nep-tra New Economics Papers
on Transition Economics
Issue of 2020‒08‒17
thirteen papers chosen by
Maksym Obrizan
Kyiv School of Economics

  1. From workers to capitalists in less than two generations: A study of Chinese urban elite transformation between 1988 and 2013 By Li Yang; Filip Novokmet; Branko Milanovic
  2. China’s Digital Economy: Opportunities and Risks By Longmei Zhang; Sally Chen
  3. Migrants and Firms : Evidence from China By Imbert, Clement; Seror, Marlon; Zhang, Yifan; Yanos Zylberberg
  4. Why wealth inequality differs between post-socialist countries? By Michal Brzezinski; Katarzyna Salach
  5. Trade liberalization and SO2 emissions: Firm-level evidence from China's WTO entry By Li, Lei; Löschel, Andreas; Pei, Jiansuo; Sturm, Bodo; Yu, Anqi
  6. Analyses of Corruption and Productivity with Empirical Study in Vietnam By Nhan Buu Phany; Shino Takayamaz
  7. "The political economy of protection in GVCs: Evidence from Chinese micro data" By Ludema, Rodney D; Mayda, Anna Maria; Yu, Miaojie; Yu, Zhi
  8. Spillover Effects of Russian Monetary Policy Shocks on the Eurasian Economic Union By Vladislav Abramov
  9. Putting inadequate incomes at the heart of food insecurity. A Study of the financial constraints to access a healthy diet in Europe By Tess Penne; Tim Goedemé
  10. Improving the Efficiency and Equity of Public Education Spending: The Case of Moldova By Hui Jin; La-Bhus Fah Jirasavetakul; Baoping Shang
  11. Coastal Development between Opportunity and Disaster Risk : A Multisectoral Risk Assessment for Vietnam By Braese,Johannes Michael; De Vries Robbe,Sophie Anne; Maruyama Rentschler,Jun Erik
  12. Expectations and Challenges in the Labour Market in the Context of Industrial Revolution 4.0. The Agglomeration Method-Based Analysis for Poland and Other EU Member States By Piątkowski, Marcin J.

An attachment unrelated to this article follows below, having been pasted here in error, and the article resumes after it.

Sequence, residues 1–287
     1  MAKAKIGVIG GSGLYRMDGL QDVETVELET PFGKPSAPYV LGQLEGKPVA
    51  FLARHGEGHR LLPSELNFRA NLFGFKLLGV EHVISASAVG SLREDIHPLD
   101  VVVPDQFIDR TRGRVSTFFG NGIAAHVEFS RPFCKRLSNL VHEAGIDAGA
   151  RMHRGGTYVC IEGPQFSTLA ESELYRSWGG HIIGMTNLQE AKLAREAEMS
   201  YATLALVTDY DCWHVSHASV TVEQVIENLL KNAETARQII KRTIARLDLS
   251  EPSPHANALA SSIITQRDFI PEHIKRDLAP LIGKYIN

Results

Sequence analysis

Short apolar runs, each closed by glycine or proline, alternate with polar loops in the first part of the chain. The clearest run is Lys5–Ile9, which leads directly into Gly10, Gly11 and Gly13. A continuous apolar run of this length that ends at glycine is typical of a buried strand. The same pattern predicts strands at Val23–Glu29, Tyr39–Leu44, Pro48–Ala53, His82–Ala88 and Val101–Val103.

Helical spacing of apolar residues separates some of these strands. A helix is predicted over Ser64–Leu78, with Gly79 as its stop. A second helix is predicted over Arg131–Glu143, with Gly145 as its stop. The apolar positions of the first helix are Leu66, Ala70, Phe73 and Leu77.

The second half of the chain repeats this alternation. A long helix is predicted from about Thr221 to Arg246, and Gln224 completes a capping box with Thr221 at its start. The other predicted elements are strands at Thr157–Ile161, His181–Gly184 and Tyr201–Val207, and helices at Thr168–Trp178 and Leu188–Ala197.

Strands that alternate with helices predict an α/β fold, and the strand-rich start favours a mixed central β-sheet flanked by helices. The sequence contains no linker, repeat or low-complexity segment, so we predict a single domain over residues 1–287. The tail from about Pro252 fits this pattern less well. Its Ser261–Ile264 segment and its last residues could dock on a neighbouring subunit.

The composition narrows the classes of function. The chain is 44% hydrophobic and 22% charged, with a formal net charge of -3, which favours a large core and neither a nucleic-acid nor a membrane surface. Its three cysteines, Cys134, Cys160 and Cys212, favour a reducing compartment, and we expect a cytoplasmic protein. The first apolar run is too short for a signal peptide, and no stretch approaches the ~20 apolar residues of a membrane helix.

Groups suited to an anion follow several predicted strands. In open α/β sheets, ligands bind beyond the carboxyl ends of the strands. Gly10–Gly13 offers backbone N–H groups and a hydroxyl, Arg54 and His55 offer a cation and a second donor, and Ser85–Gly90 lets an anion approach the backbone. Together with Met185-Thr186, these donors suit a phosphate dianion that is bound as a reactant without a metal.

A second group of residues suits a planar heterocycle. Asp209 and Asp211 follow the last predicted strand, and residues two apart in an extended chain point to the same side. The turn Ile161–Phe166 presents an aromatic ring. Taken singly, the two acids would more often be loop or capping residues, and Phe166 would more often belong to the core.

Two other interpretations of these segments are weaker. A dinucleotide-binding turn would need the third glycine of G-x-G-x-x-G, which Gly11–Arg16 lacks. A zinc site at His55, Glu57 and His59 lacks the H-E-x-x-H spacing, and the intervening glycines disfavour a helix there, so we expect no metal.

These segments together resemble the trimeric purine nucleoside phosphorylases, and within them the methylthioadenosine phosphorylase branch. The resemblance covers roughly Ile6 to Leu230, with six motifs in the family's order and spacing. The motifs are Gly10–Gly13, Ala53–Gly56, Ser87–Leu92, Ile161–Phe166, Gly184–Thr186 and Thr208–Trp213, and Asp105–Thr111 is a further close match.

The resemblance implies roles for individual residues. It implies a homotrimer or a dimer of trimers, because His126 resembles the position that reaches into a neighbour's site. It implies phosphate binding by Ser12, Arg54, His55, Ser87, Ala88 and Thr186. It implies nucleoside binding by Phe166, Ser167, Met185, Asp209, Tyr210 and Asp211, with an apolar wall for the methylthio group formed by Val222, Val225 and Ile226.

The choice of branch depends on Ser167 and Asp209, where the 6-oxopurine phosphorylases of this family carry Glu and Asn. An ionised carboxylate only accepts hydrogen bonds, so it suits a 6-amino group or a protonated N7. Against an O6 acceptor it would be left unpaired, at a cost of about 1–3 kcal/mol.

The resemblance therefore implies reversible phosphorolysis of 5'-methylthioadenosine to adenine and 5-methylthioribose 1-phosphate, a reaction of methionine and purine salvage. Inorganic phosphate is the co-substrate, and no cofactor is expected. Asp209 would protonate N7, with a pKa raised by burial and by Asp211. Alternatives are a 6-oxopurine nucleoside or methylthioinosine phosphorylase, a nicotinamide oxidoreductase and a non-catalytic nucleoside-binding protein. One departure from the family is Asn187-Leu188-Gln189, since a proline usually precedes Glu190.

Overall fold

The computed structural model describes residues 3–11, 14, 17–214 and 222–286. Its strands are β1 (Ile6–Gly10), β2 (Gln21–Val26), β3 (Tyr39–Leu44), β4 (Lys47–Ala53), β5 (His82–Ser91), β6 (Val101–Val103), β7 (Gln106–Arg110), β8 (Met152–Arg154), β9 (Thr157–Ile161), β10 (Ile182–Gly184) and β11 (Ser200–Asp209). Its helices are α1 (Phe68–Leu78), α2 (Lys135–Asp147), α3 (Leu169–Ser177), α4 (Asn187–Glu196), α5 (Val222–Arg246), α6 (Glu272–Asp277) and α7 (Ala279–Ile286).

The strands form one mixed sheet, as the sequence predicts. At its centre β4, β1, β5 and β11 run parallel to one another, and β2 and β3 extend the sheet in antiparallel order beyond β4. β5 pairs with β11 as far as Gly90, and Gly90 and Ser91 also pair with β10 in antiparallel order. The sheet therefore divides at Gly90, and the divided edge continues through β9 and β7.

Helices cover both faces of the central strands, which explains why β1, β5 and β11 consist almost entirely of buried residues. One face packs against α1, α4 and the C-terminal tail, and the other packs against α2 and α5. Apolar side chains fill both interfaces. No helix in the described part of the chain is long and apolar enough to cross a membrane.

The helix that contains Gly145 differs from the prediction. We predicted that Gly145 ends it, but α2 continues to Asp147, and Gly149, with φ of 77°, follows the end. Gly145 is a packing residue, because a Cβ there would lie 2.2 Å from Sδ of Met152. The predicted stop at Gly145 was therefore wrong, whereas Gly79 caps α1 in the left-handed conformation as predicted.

13. Sectoral Real Effective Exchange Rate and Industry Competitiveness in Russia By Irina Bogacheva; Alexey Porshakov; Natalia Turdyeva

  1. By: Li Yang (PSE - Paris School of Economics, WIL - World Inequality Lab); Filip Novokmet (University of Bonn); Branko Milanovic (New York University - NYU - New York University [New York] - NYU - NYU System)
    Abstract: Economic and social transformation of China during the past 40 years is without precedent in human history. While the economic transformation was extensively studied, social transformation was not. In this paper, we use for the first time harmonized household surveys covering the period 1988-2013 to study the changes in the characteristics the richest 5 percent of China's urban population. We find that the elite changed from being composed of high government officials, clerical staff, and workers in 1988 to professionals and small and large business owners in 2013. The educational level of the elite increased substantially. Membership in CCP has a positive (albeit small) effect on one's income but is particularly valuable to large business owners.
    Keywords: China,elites,income share,class,top incomes